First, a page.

When shopping online, you agree not to sue? Huh?
When you shop at an online website, you probably don’t read the terms and conditions before clicking “buy.”
On Amazon, when you shop with them, you agree that “Any dispute or claim relating in any way to your use of any Amazon Service, or to any products or services sold or distributed by Amazon or through Amazon.com will be resolved by binding arbitration…”
Were you aware of this? If you aren’t, you’re not alone. A little more than half of online shoppers (54 percent) ignore or skim these user agreements.
A ridiculous online shopping debacle
In 2014, Cindy Cox ordered from Accessory Outlet, whose Terms of Sale might be considered abhorrent. When the order hadn’t shipped after 10 days, Cox attempted to cancel her order.
Accessory Outlet refused, so Cox told them she would be contacting her credit card company. The retailer then demanded $250, under the fine print in its terms of sale that prohibited any “any complaint, chargeback, claim, dispute,” or threats to take any of these actions, within 90 days of purchase.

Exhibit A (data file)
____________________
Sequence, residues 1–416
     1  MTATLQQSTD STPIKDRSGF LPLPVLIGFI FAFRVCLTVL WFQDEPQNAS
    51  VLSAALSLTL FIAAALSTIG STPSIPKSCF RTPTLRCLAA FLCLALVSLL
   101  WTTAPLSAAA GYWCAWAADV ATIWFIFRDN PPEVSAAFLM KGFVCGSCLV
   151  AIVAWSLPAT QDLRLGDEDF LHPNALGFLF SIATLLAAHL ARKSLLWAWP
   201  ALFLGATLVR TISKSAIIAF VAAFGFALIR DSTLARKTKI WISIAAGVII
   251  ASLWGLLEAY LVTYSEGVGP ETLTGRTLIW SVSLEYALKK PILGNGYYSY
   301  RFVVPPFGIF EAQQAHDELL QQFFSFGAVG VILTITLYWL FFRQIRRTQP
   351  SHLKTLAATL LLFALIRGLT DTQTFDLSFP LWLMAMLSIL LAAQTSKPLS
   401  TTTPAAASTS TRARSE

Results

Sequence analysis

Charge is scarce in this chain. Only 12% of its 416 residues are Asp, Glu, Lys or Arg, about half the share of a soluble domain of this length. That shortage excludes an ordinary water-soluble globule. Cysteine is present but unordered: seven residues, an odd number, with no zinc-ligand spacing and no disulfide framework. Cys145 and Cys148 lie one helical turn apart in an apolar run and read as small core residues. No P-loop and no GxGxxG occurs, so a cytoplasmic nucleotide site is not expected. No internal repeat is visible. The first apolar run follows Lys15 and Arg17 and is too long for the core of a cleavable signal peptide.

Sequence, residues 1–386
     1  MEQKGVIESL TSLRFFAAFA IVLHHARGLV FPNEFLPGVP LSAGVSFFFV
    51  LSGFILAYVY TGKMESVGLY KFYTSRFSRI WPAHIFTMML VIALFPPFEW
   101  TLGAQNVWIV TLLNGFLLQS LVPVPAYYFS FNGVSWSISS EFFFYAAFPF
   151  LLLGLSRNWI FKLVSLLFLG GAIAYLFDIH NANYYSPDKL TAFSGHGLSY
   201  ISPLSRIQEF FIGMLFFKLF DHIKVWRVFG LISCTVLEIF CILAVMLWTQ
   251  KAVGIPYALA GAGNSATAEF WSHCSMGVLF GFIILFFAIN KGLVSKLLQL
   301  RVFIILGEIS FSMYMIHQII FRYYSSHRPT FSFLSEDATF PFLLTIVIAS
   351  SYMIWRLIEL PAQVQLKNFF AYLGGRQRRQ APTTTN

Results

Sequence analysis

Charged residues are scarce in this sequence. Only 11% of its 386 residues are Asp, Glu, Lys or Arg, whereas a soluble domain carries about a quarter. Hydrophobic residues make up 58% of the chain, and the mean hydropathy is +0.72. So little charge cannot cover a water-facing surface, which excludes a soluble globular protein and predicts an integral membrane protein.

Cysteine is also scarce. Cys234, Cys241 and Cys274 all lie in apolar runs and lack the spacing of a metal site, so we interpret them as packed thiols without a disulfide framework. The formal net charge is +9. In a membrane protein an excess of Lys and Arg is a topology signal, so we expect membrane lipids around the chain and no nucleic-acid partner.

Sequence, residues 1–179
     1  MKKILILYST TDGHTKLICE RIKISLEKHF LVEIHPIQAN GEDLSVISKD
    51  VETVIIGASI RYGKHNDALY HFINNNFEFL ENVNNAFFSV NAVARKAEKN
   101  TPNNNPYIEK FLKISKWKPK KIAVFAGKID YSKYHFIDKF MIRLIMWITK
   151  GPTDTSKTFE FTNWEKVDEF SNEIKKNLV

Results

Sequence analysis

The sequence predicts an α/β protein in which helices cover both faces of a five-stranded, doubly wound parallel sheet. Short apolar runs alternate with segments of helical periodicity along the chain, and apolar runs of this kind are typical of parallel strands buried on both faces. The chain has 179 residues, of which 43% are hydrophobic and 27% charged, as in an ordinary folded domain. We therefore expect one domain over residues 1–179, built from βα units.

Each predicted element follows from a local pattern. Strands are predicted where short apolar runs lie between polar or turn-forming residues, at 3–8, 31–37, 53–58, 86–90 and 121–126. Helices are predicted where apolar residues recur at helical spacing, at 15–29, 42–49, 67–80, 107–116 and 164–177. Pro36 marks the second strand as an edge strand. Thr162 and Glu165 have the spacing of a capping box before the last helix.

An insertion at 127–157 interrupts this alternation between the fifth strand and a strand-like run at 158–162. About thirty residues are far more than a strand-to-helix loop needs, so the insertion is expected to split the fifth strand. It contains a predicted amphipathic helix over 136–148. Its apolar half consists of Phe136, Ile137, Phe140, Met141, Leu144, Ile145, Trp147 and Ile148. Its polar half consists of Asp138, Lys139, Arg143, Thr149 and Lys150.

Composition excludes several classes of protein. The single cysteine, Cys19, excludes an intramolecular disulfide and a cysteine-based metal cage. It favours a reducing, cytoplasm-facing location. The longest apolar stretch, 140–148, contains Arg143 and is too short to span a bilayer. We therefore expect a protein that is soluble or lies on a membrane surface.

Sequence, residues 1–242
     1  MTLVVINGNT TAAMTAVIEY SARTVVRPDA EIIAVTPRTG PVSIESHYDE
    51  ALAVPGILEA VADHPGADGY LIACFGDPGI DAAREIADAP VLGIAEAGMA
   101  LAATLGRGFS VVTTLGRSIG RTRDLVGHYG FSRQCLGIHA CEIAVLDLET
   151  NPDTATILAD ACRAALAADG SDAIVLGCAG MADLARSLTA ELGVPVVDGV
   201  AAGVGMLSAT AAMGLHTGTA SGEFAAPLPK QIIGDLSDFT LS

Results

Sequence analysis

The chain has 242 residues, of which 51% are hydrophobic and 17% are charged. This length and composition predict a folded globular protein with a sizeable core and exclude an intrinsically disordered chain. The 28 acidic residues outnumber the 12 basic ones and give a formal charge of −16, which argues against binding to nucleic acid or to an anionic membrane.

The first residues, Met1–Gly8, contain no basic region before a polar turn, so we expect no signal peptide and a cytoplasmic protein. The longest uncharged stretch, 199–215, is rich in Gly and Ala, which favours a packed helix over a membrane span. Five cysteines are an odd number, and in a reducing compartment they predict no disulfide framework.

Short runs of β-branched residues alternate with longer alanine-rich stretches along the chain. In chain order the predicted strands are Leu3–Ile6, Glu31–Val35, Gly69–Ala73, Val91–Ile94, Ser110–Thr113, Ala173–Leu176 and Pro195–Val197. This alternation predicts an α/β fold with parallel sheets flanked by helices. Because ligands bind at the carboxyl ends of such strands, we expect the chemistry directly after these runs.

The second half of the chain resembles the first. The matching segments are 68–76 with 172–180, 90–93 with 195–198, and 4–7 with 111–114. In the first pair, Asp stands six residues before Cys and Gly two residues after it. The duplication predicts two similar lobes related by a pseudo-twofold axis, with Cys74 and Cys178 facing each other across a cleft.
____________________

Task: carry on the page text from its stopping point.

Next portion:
Accessory Outlet also purported that Cox could not go to the Better Business Bureau or the media to make a public statement.
Accessory Outlet sued over threatening Cox
Later that year, a lawsuit was filed against Accessory Outlet asking that a court decree the Terms of Sale void under New York’s Deceptive Practices Act. There were many threatening and harassing emails sent to Cox by Accessory Outlet.
It took over a year, but Cox was granted a judgment against the company.
Typically, the courts uphold online agreements, whether or not you read them. Cox’s victory should make all businesses take notice and make sure that their Terms of Sale are clear and readily available for their shoppers.
Know your rights
Individuals need to know their rights and brands must know their limits. Although most stores don’t have abhorrent policies that charge you for making a complaint when the order has gone awry, you may not be entitled to a full cash refund or have true ownership of your e-books.
When you’re shopping with a new retailer, double check their conditions and policies before buying.